DENVER—Incorporating coronary artery calcium screening (CAC) into practice can change the diagnoses and management of coronary artery disease (CAD), however, it may still be too early to tell how it will impact patient outcomes, Tim M. Bateman, MD, co-director of cardiovascular radiologic imaging at Mid America Heart Institute, Saint Luke's Health System in Kansas City, said during a presentation Sept. 11 at the 16th annual American Society of Nuclear Cardiology (ASNC) scientific session.
“In patients undergoing a normal SPECT study, does the addition of CAC screening have a role?” Bateman asked. “What can we conclude from a normal SPECT scan when the CAC score is known?”
Typically, patients who undergo a SPECT exam are symptomatic and at an intermediate risk.
CAC scoring may be a promising tactic to detect CAD because it is performed with good accuracy and is reproducible. Additionally, the test can be performed on most contemporary scanners (those that use four slices or more), Bateman added. CAC scoring also emits a low radiation dose (less than 2 mSv), is inexpensive and risk-free. In fact, newer, hybrid scanners may even be able to perform CAC scoring without exposing the patient to the 2 mSv of radiation, Bateman said.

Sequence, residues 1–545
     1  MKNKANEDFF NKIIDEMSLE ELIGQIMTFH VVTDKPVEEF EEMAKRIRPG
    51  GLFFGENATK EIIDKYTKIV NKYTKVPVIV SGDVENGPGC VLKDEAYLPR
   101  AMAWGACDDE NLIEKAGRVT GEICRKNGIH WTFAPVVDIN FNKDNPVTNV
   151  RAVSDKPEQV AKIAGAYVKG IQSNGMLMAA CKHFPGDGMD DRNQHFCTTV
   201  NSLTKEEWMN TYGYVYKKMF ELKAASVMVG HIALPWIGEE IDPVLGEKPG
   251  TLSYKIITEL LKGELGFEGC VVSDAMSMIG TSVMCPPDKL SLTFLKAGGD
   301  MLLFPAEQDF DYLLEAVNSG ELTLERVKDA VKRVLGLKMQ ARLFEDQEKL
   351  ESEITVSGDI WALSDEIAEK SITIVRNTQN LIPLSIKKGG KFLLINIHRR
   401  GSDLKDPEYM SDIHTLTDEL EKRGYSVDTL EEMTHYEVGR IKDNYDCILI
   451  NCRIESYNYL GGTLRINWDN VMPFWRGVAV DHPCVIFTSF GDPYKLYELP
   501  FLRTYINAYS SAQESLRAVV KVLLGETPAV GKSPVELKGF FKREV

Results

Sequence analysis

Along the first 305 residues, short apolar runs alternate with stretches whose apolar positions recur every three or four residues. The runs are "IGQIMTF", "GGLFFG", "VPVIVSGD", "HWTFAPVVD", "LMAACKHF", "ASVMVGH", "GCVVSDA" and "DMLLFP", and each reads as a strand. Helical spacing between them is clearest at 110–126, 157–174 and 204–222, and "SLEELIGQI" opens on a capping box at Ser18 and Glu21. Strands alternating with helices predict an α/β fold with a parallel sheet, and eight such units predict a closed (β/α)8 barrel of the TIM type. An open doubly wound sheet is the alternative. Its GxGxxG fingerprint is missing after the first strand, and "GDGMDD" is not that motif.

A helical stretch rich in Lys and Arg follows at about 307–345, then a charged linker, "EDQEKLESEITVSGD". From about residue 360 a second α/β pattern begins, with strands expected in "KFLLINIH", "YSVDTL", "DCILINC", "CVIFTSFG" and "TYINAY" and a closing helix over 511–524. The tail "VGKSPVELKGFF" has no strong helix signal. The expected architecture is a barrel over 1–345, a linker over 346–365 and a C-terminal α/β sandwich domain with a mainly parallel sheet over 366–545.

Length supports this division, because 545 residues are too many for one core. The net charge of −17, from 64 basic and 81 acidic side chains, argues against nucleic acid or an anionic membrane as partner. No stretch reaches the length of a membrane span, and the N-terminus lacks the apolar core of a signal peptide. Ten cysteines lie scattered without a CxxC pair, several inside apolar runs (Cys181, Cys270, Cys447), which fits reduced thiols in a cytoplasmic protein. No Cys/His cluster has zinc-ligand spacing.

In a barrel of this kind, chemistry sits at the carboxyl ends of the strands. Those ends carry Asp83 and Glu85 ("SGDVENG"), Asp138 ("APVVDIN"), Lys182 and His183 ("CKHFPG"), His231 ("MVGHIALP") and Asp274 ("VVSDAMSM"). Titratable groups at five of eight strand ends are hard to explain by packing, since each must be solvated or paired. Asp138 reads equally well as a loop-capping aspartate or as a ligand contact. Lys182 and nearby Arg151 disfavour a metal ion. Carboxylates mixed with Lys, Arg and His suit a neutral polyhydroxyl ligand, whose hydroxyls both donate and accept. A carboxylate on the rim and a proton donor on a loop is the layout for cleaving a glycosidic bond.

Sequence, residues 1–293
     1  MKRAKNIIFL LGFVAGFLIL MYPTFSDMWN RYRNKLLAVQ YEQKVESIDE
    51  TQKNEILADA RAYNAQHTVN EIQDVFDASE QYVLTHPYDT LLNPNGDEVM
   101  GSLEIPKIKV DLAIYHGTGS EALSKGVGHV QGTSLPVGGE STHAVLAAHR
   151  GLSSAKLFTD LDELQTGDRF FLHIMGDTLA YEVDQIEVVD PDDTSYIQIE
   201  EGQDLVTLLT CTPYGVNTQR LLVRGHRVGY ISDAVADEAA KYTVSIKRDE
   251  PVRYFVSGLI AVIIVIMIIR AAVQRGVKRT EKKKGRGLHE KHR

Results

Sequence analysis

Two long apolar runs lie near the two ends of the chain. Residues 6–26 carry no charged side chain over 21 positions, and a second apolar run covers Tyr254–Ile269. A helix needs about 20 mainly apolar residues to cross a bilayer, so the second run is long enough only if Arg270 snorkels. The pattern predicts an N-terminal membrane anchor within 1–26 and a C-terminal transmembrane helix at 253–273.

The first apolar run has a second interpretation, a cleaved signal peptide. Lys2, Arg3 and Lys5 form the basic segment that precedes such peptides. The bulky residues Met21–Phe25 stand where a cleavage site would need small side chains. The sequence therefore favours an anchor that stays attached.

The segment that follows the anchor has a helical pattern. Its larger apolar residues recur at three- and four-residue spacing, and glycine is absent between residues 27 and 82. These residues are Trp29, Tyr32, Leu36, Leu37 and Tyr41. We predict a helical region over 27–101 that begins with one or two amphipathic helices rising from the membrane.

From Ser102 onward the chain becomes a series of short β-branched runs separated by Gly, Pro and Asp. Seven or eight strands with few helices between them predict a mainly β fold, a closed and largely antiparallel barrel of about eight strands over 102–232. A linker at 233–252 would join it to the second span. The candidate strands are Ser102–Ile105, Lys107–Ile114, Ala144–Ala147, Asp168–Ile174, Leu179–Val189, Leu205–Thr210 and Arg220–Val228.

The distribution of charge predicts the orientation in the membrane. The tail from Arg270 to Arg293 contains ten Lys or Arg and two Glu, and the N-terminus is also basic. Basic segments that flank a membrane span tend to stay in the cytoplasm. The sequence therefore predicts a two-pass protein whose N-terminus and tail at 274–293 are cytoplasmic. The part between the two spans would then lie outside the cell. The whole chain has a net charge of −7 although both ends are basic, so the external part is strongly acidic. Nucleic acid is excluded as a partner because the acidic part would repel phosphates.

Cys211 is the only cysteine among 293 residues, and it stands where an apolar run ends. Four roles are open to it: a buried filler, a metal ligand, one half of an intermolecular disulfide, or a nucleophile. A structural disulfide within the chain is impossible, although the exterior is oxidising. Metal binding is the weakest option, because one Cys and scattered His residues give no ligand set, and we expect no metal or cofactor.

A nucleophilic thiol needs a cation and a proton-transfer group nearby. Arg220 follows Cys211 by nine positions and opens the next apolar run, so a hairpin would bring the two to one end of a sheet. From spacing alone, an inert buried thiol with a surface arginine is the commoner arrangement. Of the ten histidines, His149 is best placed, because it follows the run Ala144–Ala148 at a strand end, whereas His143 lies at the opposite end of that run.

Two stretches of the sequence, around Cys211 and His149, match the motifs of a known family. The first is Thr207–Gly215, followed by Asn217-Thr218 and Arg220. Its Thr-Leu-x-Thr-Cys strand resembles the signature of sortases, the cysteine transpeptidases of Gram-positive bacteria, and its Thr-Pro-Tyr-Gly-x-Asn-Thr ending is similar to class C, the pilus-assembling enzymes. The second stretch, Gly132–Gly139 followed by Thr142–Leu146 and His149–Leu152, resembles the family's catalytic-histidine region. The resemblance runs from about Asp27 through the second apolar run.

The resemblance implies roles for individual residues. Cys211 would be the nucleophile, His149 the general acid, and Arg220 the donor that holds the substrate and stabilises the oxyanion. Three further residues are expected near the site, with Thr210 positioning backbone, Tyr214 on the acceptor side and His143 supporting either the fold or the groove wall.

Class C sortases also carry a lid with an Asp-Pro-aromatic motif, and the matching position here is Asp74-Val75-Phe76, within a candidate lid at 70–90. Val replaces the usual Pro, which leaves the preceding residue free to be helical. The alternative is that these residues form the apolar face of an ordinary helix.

“But will knowing calcium artery screening score change patient management?” Bateman asked. Previous studies have shown that knowing a patient's CAC score can influence whether patients are administered the appropriate therapy, either statins or aspirin.
In fact, a previous study showed that when patients had a CAC score of zero, statin use was 45 percent. Meanwhile, when a patient's CAC score was more than 100, statin use was more than 85 percent.
“Management does change when patients have an elevated CAC score,” Batemen offered. “CAC scores can change the diagnosis, it can change prognosis and it can change management strategies, but does this matter? Will knowing CAC score change patient outcomes?” he asked.
While Batemen said that previous studies have shown that having a higher CAC score can change the diagnosis of no ischemia to better understanding whether CAD is present or not, it remains unknown as to whether knowing CAC scores will affect outcomes.
Batemen concluded that knowing CAC score can change the perception of long-term CAD risk in addition to changing the management strategy. However, more research will be necessary to understand whether knowing the CAC score improves outcomes.